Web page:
Embryonic and postnatal tissue was fixed in 4% paraformaldehyde/PBS for 15 minutes – 1 hour at 4°C and processed by stepwise sucrose/PBS incubation for 10 µm frozen sections in OCT by standard techniques. Primary antibodies used include anti-BrdU (BD Laboratories clone B44 1:100 or Serotec clone BU1/75 1:500), anti-cleaved PARP (Cell Signaling 1:500), anti-Cre (Novagen 1:5000), anti-Cyclin D1 (Neomarkers SP4 1:100; Sigma DCS-6 1:100 or Santa Cruz 72-13G 1:500), anti-Cyclin D2 (Santa Cruz 34B1-3 1:200), anti-E cadherin (Zymed ECCD-2 1:500), anti-Foxe3 (gift from Peter Carlsson 1:1000), anti-beta crystallin (gift from Richard Lang 1:8000), anti-gamma crystallin (Santa Cruz 1:1000), anti-GFP (Molecular Probes 1:1000 or Abcam 1:1000), anti-Hes1 (1:1000), anti-Jagged1 (Santa Cruz 1:1000), anti-p27Kip1 (BD Laboratories Clone 57 1:100 or Assay Designs 1:500), anti-p57Kip2 (Abcam 1:500 or Santa Cruz 1:50), anti-Pax6 (Covance 1:1000 or DSHB 1:20), anti-Prox1 (Covance 1:1000 or Chemicon 1:2000), anti-Pitx3 (gift from Marten Smidt 1:1000), anti-Six3 (gift from Guillermo Oliver 1:1000), anti-Sox1 (Affinity BioReagents 1:500), and anti-Sox2 (Chemicon 1:500). Detailed staining protocols are available upon request and generally followed those in (Lee et al., 2005) and (Zhang et al., 2003). Secondary antibodies were generated in donkey or goat versus the appropriate species and directly conjugated with Cy3 (Jackson Immunologicals), Alexa Fluor 488, Alexa Fluor 594 (Molecular Probes) or biotinylated (Jackson Immunologicals) and sequentially labeled with streptavidin Alexa 488 or 594 (Molecular Probes). Labeled sections were visualized with a Zeiss fluorescent microscope equipped with either a Leica or Zeiss camera and Apotome deconvolution device. Whole-mount or cryosection in situ hybridization was performed as described (Brown et al., 1998) using Rbpj, Hes1, Notch1, Notch2 and Jagged1 digoxygenin-labeled antisense riboprobes. For S-phase analyses, BrdU (Sigma) was injected intraperitoneally as described (Mastick and Andrews, 2001) and animals were sacrificed 1.5–4 hours later for tissue processing. Tissue sections were treated with 2N hydrochloric acid prior to standard antibody staining. TUNEL staining was performed using the in situ cell death detection kit, fluorescein according to the manufacturer’s instructions (Roche). Standard histologic staining of frozen or paraffin embedded sections was also performed. All images were processed using Axiovision (v5.0) and/or Adobe Photoshop software (v7.0) and manipulated electronically to adjust brightness and contrast as well as pseudocoloring.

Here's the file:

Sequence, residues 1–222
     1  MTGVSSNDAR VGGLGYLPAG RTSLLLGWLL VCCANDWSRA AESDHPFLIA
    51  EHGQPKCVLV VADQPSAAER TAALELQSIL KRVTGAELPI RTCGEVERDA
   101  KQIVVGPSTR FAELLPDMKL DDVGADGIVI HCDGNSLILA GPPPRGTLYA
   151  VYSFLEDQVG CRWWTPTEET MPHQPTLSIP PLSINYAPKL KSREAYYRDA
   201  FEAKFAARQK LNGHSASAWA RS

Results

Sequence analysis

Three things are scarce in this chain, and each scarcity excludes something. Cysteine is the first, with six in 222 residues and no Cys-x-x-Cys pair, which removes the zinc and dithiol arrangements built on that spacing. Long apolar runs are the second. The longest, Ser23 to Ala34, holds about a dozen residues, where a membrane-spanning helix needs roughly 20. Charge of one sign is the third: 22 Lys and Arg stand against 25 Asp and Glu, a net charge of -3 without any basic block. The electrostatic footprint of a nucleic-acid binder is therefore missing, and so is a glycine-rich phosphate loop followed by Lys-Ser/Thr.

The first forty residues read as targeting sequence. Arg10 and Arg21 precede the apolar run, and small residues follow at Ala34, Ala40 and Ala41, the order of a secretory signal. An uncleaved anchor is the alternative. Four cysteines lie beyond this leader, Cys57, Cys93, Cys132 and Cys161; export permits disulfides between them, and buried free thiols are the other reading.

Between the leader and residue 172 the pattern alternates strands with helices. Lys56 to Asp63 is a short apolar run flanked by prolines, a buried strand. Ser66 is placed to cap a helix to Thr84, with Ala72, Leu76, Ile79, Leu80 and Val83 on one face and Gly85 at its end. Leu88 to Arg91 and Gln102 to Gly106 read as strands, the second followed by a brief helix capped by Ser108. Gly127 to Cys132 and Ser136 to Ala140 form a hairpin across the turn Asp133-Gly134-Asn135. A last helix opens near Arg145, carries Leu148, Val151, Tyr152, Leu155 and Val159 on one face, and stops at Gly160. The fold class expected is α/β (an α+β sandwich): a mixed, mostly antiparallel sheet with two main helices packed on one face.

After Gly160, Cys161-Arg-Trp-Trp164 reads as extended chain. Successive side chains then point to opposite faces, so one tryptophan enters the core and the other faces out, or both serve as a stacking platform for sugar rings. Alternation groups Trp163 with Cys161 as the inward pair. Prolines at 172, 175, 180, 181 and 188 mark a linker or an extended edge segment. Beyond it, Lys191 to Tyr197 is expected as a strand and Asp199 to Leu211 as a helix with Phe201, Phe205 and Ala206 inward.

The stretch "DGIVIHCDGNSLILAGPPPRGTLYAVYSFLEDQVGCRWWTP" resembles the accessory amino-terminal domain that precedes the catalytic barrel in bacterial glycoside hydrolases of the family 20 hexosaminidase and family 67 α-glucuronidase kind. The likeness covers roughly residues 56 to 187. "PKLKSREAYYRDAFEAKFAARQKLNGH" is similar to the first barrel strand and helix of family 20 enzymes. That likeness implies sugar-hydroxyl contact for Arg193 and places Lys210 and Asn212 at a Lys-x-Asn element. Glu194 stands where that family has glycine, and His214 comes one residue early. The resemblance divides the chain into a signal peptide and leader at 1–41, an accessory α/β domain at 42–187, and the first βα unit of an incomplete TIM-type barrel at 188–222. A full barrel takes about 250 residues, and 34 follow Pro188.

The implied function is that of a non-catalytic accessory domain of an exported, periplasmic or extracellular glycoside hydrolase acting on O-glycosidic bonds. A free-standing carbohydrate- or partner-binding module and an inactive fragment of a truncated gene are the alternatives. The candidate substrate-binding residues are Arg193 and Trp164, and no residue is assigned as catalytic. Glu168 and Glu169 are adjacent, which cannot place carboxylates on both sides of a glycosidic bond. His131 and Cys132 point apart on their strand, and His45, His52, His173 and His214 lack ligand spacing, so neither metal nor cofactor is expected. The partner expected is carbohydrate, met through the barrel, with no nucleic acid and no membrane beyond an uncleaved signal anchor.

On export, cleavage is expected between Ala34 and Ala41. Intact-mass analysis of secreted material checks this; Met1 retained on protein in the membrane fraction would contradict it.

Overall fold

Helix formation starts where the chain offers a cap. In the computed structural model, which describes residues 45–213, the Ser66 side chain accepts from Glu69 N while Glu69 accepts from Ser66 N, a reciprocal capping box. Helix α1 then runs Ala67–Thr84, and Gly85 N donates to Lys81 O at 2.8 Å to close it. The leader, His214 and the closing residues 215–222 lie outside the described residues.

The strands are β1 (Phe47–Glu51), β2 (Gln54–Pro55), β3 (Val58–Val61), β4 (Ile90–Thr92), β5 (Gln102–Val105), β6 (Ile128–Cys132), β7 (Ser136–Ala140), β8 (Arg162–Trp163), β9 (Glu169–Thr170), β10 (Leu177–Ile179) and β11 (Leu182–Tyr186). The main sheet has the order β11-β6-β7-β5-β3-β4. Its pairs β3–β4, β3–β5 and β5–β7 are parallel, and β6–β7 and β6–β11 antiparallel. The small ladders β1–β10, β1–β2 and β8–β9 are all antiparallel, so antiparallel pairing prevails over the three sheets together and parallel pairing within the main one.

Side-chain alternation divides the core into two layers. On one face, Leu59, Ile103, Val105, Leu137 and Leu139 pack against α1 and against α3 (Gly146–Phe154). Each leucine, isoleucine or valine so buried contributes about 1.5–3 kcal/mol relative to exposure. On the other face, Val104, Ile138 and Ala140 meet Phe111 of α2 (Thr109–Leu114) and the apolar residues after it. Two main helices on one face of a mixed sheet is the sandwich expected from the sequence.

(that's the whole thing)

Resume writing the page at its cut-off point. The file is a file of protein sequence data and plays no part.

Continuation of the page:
Tissue sections, separated by at least 60 µm, were antibody-stained and counted using NIH ImageJ or Axiovision software. Between 3–5 animals were analyzed per genotype and age and at least two independent sections through the center of the lens per animal quantified. Labeling indices were generated by dividing the number of antibody-positive cells by total DAPI-labeled nuclei, and compared against one other additional genotype using the Student T-test, or among multiple genotypes using Instat (v3.0) software to perform ANOVA and a Bonferroni posthoc test to determine p values.
17EM15 mouse lens epithelial cells were cultured and passaged as described previously (Donner et al., 2007). 17ppuro cells were generated by transfecting 17EM15 cells with pPur DNA (Clontech) using Fugene according to manufacturer’s protocols. Cells were selected with 3.6 µg/mL puromycin and surviving cell colonies were pooled and passaged in the presence of 2 µg/mL puromycin. 17NotchΔE cells were generated similarly using pCS2+NotchΔE-pPur DNA, which was generated by cloning the PvuII-BamHI insert of pPur into pCS2+NotchΔE (Kopan et al., 1996).
Multiple papers have reported Notch pathway gene expression in the embryonic eye, which indicated expression of Notch1, Notch2, and Jag1 in the developing lens. (Bao and Cepko, 1997; Bettenhausen et al., 1995; Ishibashi et al., 1995; Weinmaster et al., 1991; Weinmaster et al., 1992). To extend our previous observations that Hes1 is expressed in the developing eye (Lee et al., 2005), we performed double antibody staining for Hes1 and Jag1. Both factors colocalize during primary fiber cell formation (Fig. 1A), but show complementary expression domains after AEL formation (Fig. 1B). Rbpj, a downstream Notch effector that activates Hes1 (Jarriault et al., 1995), has a similar broad lens expression domain within the lens vesicle that becomes restricted to the AEL (Fig. 1C and data not shown).
Because Notch1 and Notch2 may function redundantly during lens development, we conditionally deleted the common Notch effector gene Rbpj, using the Le-Cre transgenic mouse line, where Cre recombinase and Green Fluorescent Protein (GFP) are expressed in the lens epithelium via the Pax6 ectoderm enhancer (EE) (Ashery-Padan et al., 2000). Le-Cre mice were crossed to RbpjCKO mice, in which exons 6 and 7 encoding the DNA binding domain are flanked by loxP sites (Han et al., 2002). Cre-mediated excision via the Le-Cre mouse in this study occurred mainly after lens induction (Fig. 1F), allowing us to test the role of canonical Notch signaling specifically during lens growth and differentiation.